From the point-of-view of someone at the time, you interacted with early computers in the usual way.
From the 1930's onwards, business and some science used IBM and Remmington-Rand mechanical punched-card processing machines. You set up the specialized gear-based machines for your job (payroll, overdue accounts, super-hard math equation), punched data onto cards, fed them in, and the output was either printed (all caps), or punched onto more cards (for example, payroll checks). Some systems used a long paper tape (which had been used for telegraphs for 50+ years) or very early (1900) systems had numeric dials -- you hand-copied the answer after it finished. But however you did it, it was 1 run with 1 set of results.
A 1950's computer (UNIVAC, IBM702, Honeywell D-1000) essentially replaced the middle part of that system. If you worked at Prudential, you typed the same cards, fed into the same readers, and generated the same printed reports. That was on purpose. Businesses could buy a computer without having to retrain the entire data-processing staff.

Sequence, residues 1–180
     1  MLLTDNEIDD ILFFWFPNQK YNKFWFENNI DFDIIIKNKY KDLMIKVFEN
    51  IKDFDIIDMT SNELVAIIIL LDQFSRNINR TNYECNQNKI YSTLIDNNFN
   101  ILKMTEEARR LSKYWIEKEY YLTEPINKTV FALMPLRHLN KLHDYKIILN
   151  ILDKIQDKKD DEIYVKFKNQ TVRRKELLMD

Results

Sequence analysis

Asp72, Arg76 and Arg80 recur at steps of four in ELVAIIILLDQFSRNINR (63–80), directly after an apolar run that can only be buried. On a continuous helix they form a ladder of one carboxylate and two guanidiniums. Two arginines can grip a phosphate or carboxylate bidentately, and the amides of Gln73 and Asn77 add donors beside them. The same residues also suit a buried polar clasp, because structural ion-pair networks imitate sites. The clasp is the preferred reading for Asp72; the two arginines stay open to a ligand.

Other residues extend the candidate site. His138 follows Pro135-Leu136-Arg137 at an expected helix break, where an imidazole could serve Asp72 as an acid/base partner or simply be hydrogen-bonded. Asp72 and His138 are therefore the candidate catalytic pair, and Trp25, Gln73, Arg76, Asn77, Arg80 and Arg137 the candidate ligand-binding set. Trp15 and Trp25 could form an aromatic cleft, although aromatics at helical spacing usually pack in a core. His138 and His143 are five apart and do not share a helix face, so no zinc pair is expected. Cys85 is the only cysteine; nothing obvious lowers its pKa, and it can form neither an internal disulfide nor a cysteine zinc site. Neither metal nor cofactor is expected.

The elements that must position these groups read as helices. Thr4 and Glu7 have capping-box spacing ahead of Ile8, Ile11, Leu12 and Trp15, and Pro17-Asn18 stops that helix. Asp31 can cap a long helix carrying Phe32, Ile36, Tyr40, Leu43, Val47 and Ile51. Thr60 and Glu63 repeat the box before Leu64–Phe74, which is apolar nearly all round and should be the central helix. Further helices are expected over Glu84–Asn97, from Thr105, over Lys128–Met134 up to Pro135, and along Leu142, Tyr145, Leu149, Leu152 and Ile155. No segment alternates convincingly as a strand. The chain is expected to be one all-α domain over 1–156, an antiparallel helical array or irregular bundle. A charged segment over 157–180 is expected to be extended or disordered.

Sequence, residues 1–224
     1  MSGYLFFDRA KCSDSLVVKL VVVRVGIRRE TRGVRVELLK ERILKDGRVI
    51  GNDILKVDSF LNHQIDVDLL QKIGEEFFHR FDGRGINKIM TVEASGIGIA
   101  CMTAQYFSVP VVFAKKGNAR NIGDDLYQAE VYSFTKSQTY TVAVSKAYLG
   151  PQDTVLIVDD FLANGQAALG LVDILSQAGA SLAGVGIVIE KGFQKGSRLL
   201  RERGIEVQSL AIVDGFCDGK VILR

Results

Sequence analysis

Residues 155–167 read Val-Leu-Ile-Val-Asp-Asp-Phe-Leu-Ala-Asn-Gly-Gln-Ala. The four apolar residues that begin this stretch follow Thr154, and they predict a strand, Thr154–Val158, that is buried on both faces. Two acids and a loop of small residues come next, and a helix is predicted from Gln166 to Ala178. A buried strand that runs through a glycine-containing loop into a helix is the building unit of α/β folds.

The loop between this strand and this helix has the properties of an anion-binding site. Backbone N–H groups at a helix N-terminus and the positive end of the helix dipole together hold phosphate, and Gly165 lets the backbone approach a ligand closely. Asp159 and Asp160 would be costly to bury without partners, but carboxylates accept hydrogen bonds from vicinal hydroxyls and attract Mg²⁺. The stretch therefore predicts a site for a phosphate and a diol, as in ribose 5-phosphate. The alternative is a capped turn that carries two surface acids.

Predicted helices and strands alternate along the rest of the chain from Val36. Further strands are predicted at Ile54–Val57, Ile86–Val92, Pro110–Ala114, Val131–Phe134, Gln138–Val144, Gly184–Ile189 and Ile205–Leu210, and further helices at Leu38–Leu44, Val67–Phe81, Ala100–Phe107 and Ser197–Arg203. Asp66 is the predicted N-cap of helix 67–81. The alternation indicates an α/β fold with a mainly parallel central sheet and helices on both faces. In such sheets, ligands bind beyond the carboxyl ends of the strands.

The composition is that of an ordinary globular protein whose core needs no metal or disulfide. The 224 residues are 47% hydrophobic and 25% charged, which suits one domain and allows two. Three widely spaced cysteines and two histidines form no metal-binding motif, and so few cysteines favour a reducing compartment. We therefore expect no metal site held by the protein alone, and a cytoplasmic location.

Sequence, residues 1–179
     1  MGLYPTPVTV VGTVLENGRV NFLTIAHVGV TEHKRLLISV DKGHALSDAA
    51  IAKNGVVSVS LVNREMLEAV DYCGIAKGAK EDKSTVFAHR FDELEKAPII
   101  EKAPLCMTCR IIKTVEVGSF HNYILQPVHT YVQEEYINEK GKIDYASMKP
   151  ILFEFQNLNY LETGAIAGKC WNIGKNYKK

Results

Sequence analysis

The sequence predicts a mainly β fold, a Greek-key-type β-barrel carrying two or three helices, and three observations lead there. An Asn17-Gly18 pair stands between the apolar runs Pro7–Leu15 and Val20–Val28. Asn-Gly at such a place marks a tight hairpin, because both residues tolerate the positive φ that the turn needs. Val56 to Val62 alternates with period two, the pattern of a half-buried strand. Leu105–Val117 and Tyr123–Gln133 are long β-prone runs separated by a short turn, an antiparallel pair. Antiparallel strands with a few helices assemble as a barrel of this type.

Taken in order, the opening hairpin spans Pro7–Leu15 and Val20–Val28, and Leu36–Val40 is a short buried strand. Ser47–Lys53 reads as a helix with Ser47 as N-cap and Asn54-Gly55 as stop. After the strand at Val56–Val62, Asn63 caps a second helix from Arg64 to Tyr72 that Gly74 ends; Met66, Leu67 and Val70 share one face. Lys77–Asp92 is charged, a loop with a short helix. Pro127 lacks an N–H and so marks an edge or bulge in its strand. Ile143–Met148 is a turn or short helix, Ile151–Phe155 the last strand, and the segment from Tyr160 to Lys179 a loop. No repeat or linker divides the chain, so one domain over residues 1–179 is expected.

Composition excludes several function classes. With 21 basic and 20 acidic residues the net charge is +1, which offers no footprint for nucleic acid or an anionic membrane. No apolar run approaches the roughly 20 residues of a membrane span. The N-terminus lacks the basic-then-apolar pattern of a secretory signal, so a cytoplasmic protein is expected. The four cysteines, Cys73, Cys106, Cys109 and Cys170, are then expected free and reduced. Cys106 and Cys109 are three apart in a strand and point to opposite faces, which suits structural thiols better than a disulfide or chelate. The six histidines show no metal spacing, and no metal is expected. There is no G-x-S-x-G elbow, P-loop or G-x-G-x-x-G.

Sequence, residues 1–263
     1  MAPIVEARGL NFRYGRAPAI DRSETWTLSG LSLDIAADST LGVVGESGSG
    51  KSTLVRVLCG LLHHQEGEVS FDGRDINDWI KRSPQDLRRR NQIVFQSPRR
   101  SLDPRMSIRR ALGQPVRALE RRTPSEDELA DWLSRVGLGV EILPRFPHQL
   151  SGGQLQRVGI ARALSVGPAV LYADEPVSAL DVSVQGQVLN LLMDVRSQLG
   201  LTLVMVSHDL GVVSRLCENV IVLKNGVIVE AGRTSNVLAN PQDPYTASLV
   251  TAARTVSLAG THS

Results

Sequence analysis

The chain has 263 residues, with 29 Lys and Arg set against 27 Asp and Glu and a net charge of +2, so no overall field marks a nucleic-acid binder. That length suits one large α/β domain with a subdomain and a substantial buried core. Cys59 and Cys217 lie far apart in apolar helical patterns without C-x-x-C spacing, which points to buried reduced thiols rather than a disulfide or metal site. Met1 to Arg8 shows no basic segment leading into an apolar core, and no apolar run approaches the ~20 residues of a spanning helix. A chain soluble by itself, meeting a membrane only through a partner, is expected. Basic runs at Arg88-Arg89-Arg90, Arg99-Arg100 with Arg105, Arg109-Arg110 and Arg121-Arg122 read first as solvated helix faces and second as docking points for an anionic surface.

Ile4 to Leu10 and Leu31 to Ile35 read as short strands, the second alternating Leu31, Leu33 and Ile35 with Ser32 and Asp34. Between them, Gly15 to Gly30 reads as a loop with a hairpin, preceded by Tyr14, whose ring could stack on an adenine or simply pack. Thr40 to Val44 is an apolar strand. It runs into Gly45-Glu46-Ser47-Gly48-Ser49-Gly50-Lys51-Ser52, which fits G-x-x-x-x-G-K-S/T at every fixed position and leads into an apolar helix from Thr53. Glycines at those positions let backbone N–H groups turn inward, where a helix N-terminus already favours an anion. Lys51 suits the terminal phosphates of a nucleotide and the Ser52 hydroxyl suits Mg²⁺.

It wasn't that simple. Quickly we started using new magnetic tape for I/O. And computers weren't seen only as "like the old machines, but faster" -- early on we knew they could also do more. There was some early work interacting using light pens (SAGE). But in general, we thought it was normal to have Batch Jobs, which were "1 run, 1 result, no interaction" for quite a while.
An early 1960's manual gives a nice feeling for how computers fit right into the old system: Chapter 1 explains how ADP (automatic data processing) consists of EAM and EDP. The old mechanical systems are Electric Accounting Machines, while computers are Electronic Data Processing machines. Using either of them is the same job. Ch2, page 11+, gives a nice history, then page 31 starts on EDP (again, computers). It explains how the major difference is only programming (which someone else does) and knowing how to mount tape reels sometimes.